In the street, in school, at work, in public transport; in the voting booth, on social media, at home and on the sports field, he explained.
"Wherever there is discrimination, we can step forward to help safeguard someone's right to live free from fear and abuse. We can all lobby for better leadership, better laws and greater respect for human dignity."
"The time for this is now," the High Commissioner stressed.
"‘We the peoples' can take a stand for rights. Local actions can add up to a global movement to save the rights that a global movement, composed of countless committed individuals and some inspired leaders, created in the first place," said Mr Zeid.
Concern over Israeli Law to legalise outpost
Meanwhile, also on the eve of Human Rights Day, the UN High Commissioner expressed deep concern over an unprecedented proposed Israeli bill that, if adopted, would allow the retroactive "legalisation" of so-called Israeli outposts constructed on privately-owned Palestinian land in the occupied West Bank.
The Bill was approved by the Knesset (the Israeli parliament) at the first of three readings on 7 December.
In a UN news release, the High Commissioner said in enabling the use of land privately-owned by Palestinians for Israeli settlements without the owners' consent, this legislation "would violate international law according to which Israel, as the occupying power, must respect the private property of Palestinians, regardless of whether or not compensation is provided."
Mr Zeid strongly urged Israel's lawmakers to reconsider their support for this bill, "which if enacted, would have far-reaching consequences and would seriously damage the reputation of Israel around the world."
According to the news release, at least 570,000 Israeli settlers live in some 130 settlements and 100 outposts in the West Bank.
According to the human rights chief, all Israeli settlements -- whether outposts built without formal approval but often with the support of the Israeli authorities and which are currently illegal under Israeli law, or settlements approved by Israel -- "are clearly and unequivocally illegal under international law and constitute one of the main obstacles to peace."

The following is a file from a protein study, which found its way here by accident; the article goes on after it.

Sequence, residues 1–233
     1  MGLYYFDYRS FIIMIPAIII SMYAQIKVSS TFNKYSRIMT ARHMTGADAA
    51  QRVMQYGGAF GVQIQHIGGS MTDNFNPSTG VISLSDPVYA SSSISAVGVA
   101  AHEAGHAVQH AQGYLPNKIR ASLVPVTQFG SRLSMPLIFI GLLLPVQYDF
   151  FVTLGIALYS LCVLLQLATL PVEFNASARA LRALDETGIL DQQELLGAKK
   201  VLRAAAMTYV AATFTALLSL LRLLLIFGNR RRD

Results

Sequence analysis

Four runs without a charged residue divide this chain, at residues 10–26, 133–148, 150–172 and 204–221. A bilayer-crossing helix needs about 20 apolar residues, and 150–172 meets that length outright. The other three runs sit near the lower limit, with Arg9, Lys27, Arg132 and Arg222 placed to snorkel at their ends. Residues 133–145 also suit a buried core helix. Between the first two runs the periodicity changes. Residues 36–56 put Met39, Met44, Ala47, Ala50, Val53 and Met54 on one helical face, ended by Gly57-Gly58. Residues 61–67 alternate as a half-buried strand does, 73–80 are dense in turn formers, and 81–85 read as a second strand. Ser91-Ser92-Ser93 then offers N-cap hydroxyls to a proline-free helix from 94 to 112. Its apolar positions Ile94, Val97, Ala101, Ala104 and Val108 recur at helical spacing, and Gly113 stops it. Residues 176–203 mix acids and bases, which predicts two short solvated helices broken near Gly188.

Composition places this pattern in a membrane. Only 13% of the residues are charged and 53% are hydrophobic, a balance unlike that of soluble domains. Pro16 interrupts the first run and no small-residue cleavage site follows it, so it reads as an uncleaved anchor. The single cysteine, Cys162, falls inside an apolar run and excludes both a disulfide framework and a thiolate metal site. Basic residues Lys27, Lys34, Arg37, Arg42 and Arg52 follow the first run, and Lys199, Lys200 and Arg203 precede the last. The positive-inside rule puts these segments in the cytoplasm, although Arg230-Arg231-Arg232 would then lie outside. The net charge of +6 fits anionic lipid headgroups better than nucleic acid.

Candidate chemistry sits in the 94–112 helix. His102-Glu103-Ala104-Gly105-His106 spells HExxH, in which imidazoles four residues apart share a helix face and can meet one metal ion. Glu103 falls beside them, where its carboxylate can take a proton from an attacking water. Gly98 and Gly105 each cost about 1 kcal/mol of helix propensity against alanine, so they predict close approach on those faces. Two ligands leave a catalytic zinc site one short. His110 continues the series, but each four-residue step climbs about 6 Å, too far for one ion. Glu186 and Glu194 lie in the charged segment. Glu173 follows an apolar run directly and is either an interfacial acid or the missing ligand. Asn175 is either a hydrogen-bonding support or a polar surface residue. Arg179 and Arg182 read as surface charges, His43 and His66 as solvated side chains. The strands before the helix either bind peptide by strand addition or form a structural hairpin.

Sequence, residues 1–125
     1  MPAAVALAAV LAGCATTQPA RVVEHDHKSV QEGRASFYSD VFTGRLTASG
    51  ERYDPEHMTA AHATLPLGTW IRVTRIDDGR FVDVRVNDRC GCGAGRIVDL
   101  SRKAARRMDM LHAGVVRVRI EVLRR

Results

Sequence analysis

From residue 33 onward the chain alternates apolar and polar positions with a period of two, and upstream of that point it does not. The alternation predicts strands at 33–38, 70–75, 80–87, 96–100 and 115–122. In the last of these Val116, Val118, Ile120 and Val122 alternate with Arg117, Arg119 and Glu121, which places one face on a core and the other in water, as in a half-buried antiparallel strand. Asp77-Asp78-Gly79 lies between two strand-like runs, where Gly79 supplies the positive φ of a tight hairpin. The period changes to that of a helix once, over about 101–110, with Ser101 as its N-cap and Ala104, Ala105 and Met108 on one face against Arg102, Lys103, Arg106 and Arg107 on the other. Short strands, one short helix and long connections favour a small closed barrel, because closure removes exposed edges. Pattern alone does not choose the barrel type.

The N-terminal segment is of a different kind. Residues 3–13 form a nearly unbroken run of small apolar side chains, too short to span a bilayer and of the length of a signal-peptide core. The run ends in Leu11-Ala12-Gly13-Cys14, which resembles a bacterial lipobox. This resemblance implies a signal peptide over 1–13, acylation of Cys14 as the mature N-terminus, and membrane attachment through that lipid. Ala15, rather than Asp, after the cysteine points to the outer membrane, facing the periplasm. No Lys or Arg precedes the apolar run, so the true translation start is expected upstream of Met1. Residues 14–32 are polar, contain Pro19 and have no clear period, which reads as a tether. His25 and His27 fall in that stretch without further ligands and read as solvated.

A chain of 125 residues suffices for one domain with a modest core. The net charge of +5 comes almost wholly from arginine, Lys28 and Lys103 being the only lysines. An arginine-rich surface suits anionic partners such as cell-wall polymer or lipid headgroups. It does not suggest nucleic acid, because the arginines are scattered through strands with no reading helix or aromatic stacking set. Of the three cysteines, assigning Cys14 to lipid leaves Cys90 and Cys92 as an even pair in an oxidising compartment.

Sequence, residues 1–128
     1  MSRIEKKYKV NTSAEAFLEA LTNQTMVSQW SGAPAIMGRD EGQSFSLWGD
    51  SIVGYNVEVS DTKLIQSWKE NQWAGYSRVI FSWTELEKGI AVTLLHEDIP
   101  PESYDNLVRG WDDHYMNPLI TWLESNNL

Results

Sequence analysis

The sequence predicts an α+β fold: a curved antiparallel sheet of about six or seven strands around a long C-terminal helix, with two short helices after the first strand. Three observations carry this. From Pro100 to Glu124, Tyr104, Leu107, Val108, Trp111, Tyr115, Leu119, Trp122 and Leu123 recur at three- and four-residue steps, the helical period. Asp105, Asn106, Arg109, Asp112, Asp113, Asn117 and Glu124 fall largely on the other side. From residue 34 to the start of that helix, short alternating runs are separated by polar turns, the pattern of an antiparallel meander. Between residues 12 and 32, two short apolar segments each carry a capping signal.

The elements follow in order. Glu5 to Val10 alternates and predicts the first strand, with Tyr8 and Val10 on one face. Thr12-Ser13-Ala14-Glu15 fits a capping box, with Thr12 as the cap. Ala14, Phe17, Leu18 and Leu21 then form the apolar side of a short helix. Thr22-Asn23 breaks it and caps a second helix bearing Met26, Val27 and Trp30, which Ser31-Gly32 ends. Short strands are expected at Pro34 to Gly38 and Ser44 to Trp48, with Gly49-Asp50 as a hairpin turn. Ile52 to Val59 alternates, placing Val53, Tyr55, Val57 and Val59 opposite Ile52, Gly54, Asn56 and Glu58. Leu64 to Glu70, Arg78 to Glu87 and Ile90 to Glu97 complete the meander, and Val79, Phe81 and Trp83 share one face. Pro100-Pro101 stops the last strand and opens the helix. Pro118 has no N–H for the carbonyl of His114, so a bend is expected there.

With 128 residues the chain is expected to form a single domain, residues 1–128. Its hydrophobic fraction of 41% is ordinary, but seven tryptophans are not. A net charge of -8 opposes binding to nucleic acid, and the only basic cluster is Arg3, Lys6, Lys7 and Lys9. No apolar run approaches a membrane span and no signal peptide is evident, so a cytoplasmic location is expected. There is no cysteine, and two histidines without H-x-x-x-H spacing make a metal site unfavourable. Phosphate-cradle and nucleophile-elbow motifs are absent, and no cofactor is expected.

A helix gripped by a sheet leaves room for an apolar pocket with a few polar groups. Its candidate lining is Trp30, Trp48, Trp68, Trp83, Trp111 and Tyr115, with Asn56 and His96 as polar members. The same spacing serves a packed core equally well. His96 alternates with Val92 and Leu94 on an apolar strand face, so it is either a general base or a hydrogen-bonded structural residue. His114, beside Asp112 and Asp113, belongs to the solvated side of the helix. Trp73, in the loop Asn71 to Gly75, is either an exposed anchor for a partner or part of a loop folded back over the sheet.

"They are also the principal cause of a wide range of human rights violations inside the occupied West Bank, including East Jerusalem," he said.
The passing of this Bill would have an enormous impact on the landscape of the West Bank, further depriving Palestinians of their land and their livelihoods, and entrenching settlements.
According to NGOs working on these issues, the law would clear the way for potential retroactive legalisation of 55 illegal outposts and approximately 4,000 housing units in settlements and outposts built on over 800 hectares of private Palestinian land.
This would further add to the fragmentation of the Palestinian territory, and consequently would undermine any viable future Palestinian State on that territory.
According to the UN news release, this would be the first time that the Knesset enacts a law with territorial implications for the West Bank, beyond East Jerusalem.
Statements by the Bill's supporters, including members of the Government, cast the Bill as a key step towards the de jure annexation of the land in the West Bank.
"This openly-stated ambition should alarm all those interested in seeing respect for international law, and all those who wish for a lasting peace for all the inhabitants of Israel and Palestine," Mr Zeid said.
By Kanaga Raja.